Language development

There is also a growing body of research which points us to girls having a head start on the language front. During infancy the left hemisphere (the brain’s language centre for most people) develops before the right for girls whereas the order is reversed for boys. We also understand that females have at least 20% more neurons than males in the brain’s Broca area (the place where we produce language), and likewise have as much as 18% more volume in the Wernicke’s area (the place where we interpret language).

Decision making

Research informs us that in girls, the pre-frontal cortex of the brain is generally more active than that of boys and develops at an earlier age. For this reason, scientists believe girls tend to make fewer impulsive decisions than boys do. Furthermore, girls have more serotonin in the bloodstream and the brain, which is believed to make them biochemically less impulsive.

Awareness: emotional versus spatial

Girls generally use more cortical areas of their brains for verbal and emotive functioning whereas boys tend to use more cortical areas of the brain for abstract spatial and mechanical functioning, such as watching and manipulating objects that move through physical space and understanding abstract mechanical concepts.

The brain is however only the beginning, meaning that it is not hard wired to achieve a predefined outcome. The brain is flexible and so, as children grow, they build and prune neural connections between synapses.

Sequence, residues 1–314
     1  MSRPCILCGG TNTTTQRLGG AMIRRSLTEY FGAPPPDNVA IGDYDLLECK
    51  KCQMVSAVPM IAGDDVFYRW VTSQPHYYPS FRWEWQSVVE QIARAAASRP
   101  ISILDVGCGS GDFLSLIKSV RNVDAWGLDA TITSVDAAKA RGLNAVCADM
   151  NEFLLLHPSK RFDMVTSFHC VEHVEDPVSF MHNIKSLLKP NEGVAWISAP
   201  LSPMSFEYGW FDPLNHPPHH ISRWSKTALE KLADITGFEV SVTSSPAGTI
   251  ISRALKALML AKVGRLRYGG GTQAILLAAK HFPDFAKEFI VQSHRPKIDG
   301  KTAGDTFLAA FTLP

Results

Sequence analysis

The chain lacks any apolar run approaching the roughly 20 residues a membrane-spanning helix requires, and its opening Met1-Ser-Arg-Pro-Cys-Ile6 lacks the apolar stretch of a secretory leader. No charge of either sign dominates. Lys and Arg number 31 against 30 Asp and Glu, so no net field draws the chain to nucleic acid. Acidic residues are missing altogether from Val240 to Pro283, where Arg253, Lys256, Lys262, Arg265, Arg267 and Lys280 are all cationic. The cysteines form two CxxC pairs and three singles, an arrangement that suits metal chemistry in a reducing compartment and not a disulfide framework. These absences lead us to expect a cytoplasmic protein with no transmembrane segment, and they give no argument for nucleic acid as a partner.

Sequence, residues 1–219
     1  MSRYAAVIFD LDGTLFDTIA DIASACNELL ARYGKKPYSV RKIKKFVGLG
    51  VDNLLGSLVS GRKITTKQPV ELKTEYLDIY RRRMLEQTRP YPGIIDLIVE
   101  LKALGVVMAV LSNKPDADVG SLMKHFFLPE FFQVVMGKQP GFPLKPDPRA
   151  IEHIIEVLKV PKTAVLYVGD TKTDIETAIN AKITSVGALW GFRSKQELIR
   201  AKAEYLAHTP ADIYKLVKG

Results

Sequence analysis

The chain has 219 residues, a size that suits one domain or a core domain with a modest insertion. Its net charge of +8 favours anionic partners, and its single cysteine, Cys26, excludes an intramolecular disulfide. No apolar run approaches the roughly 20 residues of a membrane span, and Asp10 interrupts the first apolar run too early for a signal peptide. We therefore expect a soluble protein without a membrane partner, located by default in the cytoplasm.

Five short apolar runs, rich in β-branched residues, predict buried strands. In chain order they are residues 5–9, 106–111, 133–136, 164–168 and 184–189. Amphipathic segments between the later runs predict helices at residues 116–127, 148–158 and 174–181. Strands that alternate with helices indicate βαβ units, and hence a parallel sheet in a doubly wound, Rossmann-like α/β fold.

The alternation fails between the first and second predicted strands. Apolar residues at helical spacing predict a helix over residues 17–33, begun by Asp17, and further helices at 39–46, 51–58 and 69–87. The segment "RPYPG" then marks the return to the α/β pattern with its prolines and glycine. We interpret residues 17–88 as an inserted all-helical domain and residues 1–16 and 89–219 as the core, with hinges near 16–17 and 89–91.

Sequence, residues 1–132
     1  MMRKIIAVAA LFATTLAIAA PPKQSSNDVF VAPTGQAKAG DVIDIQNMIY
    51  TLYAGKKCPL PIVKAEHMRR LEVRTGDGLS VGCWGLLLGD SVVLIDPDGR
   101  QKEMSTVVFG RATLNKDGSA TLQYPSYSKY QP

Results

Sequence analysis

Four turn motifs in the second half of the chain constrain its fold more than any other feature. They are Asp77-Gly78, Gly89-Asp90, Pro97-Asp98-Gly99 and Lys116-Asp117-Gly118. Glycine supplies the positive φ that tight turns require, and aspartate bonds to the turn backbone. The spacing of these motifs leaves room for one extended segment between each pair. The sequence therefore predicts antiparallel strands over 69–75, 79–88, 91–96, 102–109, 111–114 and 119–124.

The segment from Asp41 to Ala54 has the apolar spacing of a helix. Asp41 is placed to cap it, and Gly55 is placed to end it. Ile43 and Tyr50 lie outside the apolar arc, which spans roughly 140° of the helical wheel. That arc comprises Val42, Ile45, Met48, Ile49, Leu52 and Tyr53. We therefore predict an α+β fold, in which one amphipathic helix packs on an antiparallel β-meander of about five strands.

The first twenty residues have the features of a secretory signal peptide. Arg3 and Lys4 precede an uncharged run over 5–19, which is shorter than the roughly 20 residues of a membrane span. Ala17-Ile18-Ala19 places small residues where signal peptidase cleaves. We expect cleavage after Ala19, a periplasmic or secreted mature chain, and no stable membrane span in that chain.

Although breakthroughs in neuroscience tell us that the brains of baby girls and boys are distinctly different, the environment we each grow up in is equally important. As parents, I believe we have an ongoing role and we can potentially have the greatest impact on the way in which each of our children develop.

Observing and taking note of the differences between our children, whether they be boys or girls, is I believe, the first step towards recognising the importance of individuality. The next step is taking time to understand these subtle differences so that we can take a positive approach to meeting every child’s needs. We can do this by allowing children to participate in new experiences and by exposing them to a rich learning environment, giving them an opportunity to refine and hone newly developed skills.

It is equally as important for parents to acknowledge that certain types of misbehaviour might be linked to biology rather than deliberate disobedience. We should therefore avoid labelling or categorising what our children do since we risk restricting our child’s capability or interests. Instead, we should ensure we give our children new ways in which to express themselves and by doing so, we validate what they have to say, allow them to develop in confidence and enable them to fulfil their natural potential.